Church and State in Biblical Balance
Paul Dean Dr. Paul J. Dean's Weblog
- 2006 Sep 04
One of the great enemies of religion in America today is the notion that persons have a right not to hear religious talk in the public square. Pervasive are the groups that promote such thought. Notorious are the anti-religious activities of such groups including those of the American Civil Liberties Union (ACLU). Their actions are problematic when one considers an ostensible purpose of the organization: to protect and preserve liberty. The ACLU routinely attacks other organizations with which it does not agree. The Boy Scouts are a case in point. It is a well-known fact that the ACLU is pro-death with the support of abortion rights and euthanasia being among its top priorities. Free speech related to those issues is suppressed by this union that purports to preserve civil liberties. The organization arguably works for the destruction of our children having supported child porn distribution and the free speech rights of the North American Man/Boy Love Association.
Perhaps the greatest affront lies in the fact that the ACLU is anti-Christian. Well attested is their opposition to Christianity on a multitude of fronts primarily under the guise of separation of Church and State. At every turn it seems that the ACLU opposes the free exercise of the Christian religion. The prevailing mindset in America today that could be characterized as freedom from religion is largely owing to the efforts of the ACLU. The notion that persons have a right not to see religious symbols or hear religious references in the public square is part of the national confusion inflicted upon an ignorant populace by the likes of this radical group.
Against that thinking and the organizations that promote such error is the reality that America was indeed founded upon Christian principles. Legion are the individuals who have highlighted this fact and rightly call America a Christian nation in that regard. Moreover, the majority of Americans would call themselves Christians and in that regard America may be called a Christian nation. Of course, America cannot be called such in a Scriptural sense as she is not a theocracy nor is she the church which is the only group of people that may rightly be called the people of God as a whole in the biblical sense of the concept. But, we recognize that America was founded as a nation in which many Christians lived and do live and did and do find themselves in the majority.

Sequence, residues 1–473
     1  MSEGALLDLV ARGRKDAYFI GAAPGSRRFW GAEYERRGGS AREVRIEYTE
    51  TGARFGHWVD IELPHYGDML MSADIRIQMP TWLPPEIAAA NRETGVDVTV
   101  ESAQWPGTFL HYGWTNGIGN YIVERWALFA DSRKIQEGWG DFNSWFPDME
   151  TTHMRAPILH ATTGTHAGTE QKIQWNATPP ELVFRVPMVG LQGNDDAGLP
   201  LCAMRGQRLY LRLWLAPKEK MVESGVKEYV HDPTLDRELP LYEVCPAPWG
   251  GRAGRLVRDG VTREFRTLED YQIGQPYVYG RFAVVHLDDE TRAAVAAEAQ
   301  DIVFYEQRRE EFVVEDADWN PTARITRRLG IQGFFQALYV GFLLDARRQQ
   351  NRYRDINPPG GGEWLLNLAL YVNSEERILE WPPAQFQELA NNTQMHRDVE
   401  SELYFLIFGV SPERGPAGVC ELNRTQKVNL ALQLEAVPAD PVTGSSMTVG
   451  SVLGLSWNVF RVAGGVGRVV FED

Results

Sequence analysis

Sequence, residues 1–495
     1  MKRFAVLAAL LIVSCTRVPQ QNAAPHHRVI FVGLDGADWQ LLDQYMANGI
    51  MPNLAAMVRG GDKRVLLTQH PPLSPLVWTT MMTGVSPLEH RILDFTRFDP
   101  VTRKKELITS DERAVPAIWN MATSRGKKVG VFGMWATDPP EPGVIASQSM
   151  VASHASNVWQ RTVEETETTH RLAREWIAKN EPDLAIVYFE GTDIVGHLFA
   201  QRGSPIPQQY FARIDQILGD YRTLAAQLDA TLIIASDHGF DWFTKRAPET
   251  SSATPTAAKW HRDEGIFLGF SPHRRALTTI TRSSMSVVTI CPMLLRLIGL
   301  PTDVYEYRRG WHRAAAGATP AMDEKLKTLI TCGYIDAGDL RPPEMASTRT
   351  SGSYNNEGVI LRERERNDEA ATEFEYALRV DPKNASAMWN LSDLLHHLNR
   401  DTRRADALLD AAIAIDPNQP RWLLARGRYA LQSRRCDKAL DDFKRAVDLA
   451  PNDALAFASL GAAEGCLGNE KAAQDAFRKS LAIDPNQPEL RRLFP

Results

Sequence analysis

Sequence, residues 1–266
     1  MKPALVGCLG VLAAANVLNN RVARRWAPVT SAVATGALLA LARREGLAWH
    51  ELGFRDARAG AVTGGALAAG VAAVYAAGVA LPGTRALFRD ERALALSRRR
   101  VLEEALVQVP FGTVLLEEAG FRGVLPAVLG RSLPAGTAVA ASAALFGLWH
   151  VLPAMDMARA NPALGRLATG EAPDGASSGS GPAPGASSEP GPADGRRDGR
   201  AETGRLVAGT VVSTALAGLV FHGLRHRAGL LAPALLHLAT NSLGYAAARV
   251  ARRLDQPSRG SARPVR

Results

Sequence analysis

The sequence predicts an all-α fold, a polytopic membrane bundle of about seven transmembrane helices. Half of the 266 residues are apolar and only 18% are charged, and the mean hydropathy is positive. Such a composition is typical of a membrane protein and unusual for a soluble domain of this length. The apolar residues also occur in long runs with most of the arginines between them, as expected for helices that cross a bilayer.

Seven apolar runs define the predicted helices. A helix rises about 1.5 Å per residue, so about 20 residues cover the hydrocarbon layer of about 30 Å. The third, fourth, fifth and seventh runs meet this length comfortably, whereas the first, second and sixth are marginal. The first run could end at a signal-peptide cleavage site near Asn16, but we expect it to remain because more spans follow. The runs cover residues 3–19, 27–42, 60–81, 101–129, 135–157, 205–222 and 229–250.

Among the principles that we as Christians, and indeed as Americans, hold as sacrosanct is the principle of religious freedom. That Christian principle that guarantees religious freedom may be termed freedom of religion, not freedom from religion. The State may establish no religion, that is, the State may not coerce individuals in terms of religion. At the same time, the State may not prohibit the free exercise of religion. That means that religion may and indeed must be part of the national conversation in every arena. Without religious speech, and may I say, biblically grounded religious speech as part and parcel of the national conversation, the nation itself is doomed. Those Christians who advocate and agitate for religious influence even in the areas of politics, public policy, and government are simply being true to the Scriptures, the principles upon which the nation was founded, and their fellow-Americans who are all in need of Christian influence.
At the same time, may I hasten to add that Christians often cross the biblical line in regard to Christian influence in the public square? At times, perhaps inadvertently or ignorantly, whichever the case may be, they fall into coercion and violate the very principles for which they agitate. A specific issue addressed by Baptist leader Dr. R.H. Pitt, editor of the Religious Herald in Richmond, VA. Circa 1900, and noted defender of religious freedom, may serve to illustrate the principle in question.